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Am J Clin Nutr. 1999 May;69(5):904-12.

Four-component model of body composition in children: density and hydration of fat-free mass and comparison with simpler models.

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Dunn Clinical Nutrition Centre, Cambridge, United Kingdom.



Body composition in children is generally measured by 2-component (2C) models, which are subject to error arising from variation in fat-free mass (FFM) composition. The 4-component (4C) model, which divides body weight into fat, water, mineral, and protein, can overcome these limitations.


The aims of our study were to 1) describe 4C model data for children aged 8-12 y; 2) evaluate interindividual variability in the hydration, bone mineral content, and density of FFM; 3) evaluate the success with which 2C models and bedside techniques measure body composition in this age group with use of the 4C model as a reference.


Dual-energy X-ray absorptiometry, underwater weighing, deuterium dilution, bioelectrical impedance analysis, and anthropometry were used to determine body composition in 30 children. The contribution of methodologic error to the observed variability in the hydration and density of FFM was evaluated by using propagation of error.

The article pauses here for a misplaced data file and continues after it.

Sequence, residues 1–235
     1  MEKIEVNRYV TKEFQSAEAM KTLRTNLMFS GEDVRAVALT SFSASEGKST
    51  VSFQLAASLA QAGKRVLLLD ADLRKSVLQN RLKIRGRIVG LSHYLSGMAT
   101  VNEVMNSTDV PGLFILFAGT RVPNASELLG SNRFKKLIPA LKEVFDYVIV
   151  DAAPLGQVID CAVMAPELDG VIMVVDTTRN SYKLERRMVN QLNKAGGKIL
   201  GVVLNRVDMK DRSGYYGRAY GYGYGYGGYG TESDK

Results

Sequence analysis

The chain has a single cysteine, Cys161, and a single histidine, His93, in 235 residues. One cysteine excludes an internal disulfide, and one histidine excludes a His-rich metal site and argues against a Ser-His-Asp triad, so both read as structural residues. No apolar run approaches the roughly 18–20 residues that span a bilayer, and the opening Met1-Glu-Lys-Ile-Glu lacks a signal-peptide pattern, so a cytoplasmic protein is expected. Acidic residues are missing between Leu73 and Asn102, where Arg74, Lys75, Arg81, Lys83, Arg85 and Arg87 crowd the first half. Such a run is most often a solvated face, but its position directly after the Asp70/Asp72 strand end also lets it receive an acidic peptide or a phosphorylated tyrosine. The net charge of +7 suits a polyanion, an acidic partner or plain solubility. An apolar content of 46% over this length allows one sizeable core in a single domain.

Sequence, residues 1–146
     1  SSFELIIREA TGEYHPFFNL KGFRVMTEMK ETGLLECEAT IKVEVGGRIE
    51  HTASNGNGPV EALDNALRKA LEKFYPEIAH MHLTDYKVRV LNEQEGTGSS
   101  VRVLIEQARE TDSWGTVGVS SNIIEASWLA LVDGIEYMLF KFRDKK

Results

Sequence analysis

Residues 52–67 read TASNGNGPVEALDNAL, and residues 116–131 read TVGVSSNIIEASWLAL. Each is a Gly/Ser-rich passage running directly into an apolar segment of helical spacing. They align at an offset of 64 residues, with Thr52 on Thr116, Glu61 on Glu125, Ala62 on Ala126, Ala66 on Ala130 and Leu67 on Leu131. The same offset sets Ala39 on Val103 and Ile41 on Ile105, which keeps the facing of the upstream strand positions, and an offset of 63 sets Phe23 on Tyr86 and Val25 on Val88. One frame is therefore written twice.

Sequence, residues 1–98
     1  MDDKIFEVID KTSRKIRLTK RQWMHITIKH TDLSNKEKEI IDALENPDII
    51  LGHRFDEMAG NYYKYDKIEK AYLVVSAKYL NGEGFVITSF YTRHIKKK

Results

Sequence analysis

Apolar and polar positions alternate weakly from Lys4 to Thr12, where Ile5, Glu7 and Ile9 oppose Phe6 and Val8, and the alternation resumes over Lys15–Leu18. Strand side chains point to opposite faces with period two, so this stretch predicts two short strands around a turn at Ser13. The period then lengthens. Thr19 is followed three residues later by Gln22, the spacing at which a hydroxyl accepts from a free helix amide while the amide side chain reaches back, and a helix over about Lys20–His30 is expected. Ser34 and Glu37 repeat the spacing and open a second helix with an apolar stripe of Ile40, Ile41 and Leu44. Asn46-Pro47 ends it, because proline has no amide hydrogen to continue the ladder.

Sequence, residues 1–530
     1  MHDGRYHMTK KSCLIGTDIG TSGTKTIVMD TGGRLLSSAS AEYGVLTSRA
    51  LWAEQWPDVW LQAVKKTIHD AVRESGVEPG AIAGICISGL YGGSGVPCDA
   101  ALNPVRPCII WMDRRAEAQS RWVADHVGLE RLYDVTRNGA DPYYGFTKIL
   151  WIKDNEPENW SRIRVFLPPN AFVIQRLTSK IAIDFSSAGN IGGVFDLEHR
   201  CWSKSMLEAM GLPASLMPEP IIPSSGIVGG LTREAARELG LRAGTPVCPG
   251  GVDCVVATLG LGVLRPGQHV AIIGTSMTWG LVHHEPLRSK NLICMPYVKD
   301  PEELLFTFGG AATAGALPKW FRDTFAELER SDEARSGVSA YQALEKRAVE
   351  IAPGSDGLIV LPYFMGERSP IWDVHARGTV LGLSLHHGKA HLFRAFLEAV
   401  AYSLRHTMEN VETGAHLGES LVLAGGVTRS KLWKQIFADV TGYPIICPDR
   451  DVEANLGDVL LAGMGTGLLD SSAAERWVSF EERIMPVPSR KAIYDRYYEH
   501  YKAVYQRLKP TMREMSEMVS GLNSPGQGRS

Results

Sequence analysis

Mean (+/-SD) FFM density and hydration were 1.0864+/-0.0074 kg/L and 75.3+/-2.2%, respectively, and were significantly different from adult values (P < 0.02). Relative to the 4C model, deuterium dilution and dual-energy X-ray absorptiometry showed no mean bias for fatness, whereas underwater weighing underestimated fatness (P < 0.025). Fatness determined by using skinfold-thickness and bioelectrical impedance analysis measurements along with published equations showed poor agreement with 4C model data.


Biological variability and methodologic error contribute equally to the variability of FFM composition. Our findings have major implications for bedside prediction methods used for children, traditionally developed in relation to underwater weighing.

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